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SteelDodo

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  1. Personally, I would LOVE one of the two catchers. Outside of Jeffers and Sanchez (who only has one year left on his contract anyways), I don't see any catcher who has a realistic shot to contribute to the big league club in the future.
  2. Thanks for the report! If you were to rank him, where would he land among twins prospects? Mlb.com puts him at 20, below Strotman and Sands but above Vallimont and Hajjar. Though Fangraphs puts him at 9, above SWR and below Canterino. If he's actually ranked above SWR, that makes him a borderline top 100 prospect.
  3. Thanks Jeremy! I love the draft too, and I'm looking forward to your series! According to most projections, it looks like there are ~3 college catchers with a first round grade. I'm hoping that at least one of them improve their stock to be worthy of a top 10 pick. Outside of Jeffers/Rortvedt, I don't see any young, big-league caliber catchers in the system. To me, that's the weakest aspect of our minor league system right now.
  4. Wow this is a great interview, and I think "mature, focused, well-mannered, & level-headed" all describe him quite well. Makes me pull for him even more! As far as expectations, I don't expect him to sniff the majors this year, though. I would assume the plan is the same as Miranda last year, meaning he'll start the year at AA. Then, if he has no setbacks and plays well, he'll move up to St. Paul late in the season. I think best case scenario is that he's a mid-season call up in 2023.
  5. Bringing the discussion to back to Sabato specifically (rather than draft philosophy generally), one important point is that he was drafted after his true sophomore year, rather than after his Jr. or Sr. year like most college picks. Furthermore, his bday is in June, making him one of the youngest players in his sophomore class (for comparison, on his draft day, Rooker was one year and 7 months older than Sabato was on his). Naturally, this means he might take a little more time to mature than the average college, bat-first player would be expected to.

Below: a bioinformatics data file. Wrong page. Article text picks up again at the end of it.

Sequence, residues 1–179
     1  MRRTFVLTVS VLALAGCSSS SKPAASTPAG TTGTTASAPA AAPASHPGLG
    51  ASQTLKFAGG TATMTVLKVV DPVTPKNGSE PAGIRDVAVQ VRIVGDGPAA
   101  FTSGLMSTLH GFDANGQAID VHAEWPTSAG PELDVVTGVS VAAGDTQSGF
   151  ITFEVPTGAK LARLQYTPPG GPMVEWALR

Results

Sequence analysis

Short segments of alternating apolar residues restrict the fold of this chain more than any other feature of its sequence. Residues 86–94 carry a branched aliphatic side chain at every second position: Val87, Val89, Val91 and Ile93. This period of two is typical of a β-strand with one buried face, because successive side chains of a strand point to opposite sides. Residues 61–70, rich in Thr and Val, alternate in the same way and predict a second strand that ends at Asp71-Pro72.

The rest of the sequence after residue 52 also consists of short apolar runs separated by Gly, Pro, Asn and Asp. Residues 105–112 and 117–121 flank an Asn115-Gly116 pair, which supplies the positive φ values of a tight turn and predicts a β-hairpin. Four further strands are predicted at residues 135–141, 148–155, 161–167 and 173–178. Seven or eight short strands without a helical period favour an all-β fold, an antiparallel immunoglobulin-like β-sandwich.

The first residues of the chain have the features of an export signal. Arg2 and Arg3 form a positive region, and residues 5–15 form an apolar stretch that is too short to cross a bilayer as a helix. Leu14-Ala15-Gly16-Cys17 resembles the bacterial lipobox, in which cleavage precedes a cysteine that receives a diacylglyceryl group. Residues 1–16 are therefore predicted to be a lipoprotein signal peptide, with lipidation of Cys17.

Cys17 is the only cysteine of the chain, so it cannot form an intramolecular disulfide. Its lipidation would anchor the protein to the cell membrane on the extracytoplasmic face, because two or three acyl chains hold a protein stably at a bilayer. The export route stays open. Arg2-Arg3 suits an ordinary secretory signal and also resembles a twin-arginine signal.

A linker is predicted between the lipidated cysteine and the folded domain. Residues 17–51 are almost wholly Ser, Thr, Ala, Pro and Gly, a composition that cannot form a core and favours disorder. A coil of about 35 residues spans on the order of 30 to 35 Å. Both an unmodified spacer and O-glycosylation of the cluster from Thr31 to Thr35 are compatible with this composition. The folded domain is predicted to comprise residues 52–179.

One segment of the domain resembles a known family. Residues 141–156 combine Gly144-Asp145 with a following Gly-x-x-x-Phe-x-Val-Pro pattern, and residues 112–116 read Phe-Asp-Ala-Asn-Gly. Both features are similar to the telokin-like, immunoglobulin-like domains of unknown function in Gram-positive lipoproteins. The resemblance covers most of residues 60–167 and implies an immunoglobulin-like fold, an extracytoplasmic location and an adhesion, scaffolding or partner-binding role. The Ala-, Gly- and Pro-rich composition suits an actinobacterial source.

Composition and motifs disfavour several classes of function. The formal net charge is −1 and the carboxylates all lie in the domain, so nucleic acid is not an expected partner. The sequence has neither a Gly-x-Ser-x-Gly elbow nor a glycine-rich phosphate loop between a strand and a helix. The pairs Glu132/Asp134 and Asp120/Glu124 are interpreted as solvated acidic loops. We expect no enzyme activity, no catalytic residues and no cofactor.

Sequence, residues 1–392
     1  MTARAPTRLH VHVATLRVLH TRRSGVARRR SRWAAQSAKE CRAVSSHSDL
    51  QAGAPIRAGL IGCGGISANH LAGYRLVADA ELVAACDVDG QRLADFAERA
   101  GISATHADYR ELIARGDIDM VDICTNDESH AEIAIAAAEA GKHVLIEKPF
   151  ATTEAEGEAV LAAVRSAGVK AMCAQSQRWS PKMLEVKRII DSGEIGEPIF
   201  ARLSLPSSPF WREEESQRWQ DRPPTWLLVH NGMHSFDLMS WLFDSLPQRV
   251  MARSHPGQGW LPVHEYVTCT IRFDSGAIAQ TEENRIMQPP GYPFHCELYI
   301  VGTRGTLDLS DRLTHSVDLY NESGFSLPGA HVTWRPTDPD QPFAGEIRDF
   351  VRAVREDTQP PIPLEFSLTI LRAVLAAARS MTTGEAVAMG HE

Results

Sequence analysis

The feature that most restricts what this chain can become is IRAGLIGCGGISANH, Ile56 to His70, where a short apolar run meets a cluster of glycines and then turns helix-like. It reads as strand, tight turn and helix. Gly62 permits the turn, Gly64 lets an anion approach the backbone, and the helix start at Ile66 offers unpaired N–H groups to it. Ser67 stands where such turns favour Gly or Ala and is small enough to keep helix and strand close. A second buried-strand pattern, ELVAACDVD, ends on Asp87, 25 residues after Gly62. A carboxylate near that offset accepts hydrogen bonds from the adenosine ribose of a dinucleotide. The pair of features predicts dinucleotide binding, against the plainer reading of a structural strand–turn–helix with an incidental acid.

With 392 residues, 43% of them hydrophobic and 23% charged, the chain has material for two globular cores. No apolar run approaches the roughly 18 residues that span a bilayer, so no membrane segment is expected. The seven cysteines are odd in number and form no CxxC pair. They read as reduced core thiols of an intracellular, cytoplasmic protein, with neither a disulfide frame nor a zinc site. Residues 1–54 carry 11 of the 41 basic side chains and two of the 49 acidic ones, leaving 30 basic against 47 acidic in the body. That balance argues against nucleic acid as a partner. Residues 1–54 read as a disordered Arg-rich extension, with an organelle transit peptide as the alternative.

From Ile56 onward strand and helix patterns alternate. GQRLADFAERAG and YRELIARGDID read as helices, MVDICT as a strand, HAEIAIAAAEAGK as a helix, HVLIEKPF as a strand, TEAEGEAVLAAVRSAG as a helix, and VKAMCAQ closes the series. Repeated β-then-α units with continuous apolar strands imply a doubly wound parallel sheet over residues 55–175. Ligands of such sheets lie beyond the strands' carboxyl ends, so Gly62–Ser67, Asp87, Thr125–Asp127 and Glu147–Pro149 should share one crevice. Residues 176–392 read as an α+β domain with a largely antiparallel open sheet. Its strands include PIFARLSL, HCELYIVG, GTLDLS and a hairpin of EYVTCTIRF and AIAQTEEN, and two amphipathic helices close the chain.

6. For an 11th round pick, I am perfectly fine with the Twins taking a high risk, high reward type of player. In fact, I wish they did that more with the late round picks.
  7. I mean that is a VERY high ask for only 1.5 years of Berrios, but then again, highballing (or lowballing) for your first offer is negotiation 101. A particular scene comes to mind...
  8. Well technically, Julien said that too. Then, the Twins made him an offer that he couldn't refuse. Since it appears that all of the draft picks besides Petty are likely candidates to be signed below slot, maybe we can do the same thing with Birdsell? His MLB.com profile said he was likely a top 5 round player if not for the injury, so I'd love to sign him!
  9. Also, one interesting trend I just noticed: it seems like the Twins like the Twins really like using the second round pick to take someone WAY below slot value. Each year since 2017, the Twins only paid their second round pick ~75-80% of their slot value. Landon Leach signed for $1,400,000 (slot value was $1,846,100). Jeffers signed for $800k (slot value was $1,140,600). Canterino signed for $1,100,000 (slot value was $1,338,500), and Soularie signed for $900,000 (slot value was $1,185,500)
  10. Agreed. I think that's ESPECIALLY true in the age of COVID, where scouts maybe only were able to watch a handful of games. Sure, everyone agrees on the top ~10 or so. After that, there is not a whole lot separating the 20th ranked player from the 50th.
  11. Assuming they actually could sign him, Madden would be an AWFULLY good value...
  12. I would do either deal, and I would be happy to do it. I also really like the idea of packaging our players together in these trades. By packaging guys together, we're more likely to get higher caliber prospects back. When looking at the prospects/players we'd get in return, I'd rather focus on quality over quantity.
  13. Thanks for the list! I think it will be really interesting to see who the Twins draft with the first few picks this year. They obviously have a strong preference for college batters, but every article I've read say that group is the weakest part of the draft. Sean Johnson said that the depth of college bats is as thin as any draft he can remember, and the real strength of this draft is the college pitching. Knowing that the Twins seem to have an aversion for college pitchers in the first three rounds (since Falvey/Lavine took over, Canterino is the only college pitcher they've drafted in the first three rounds), I wonder if the team will still pick a bat even if the college pitchers available are ranked slightly higher?
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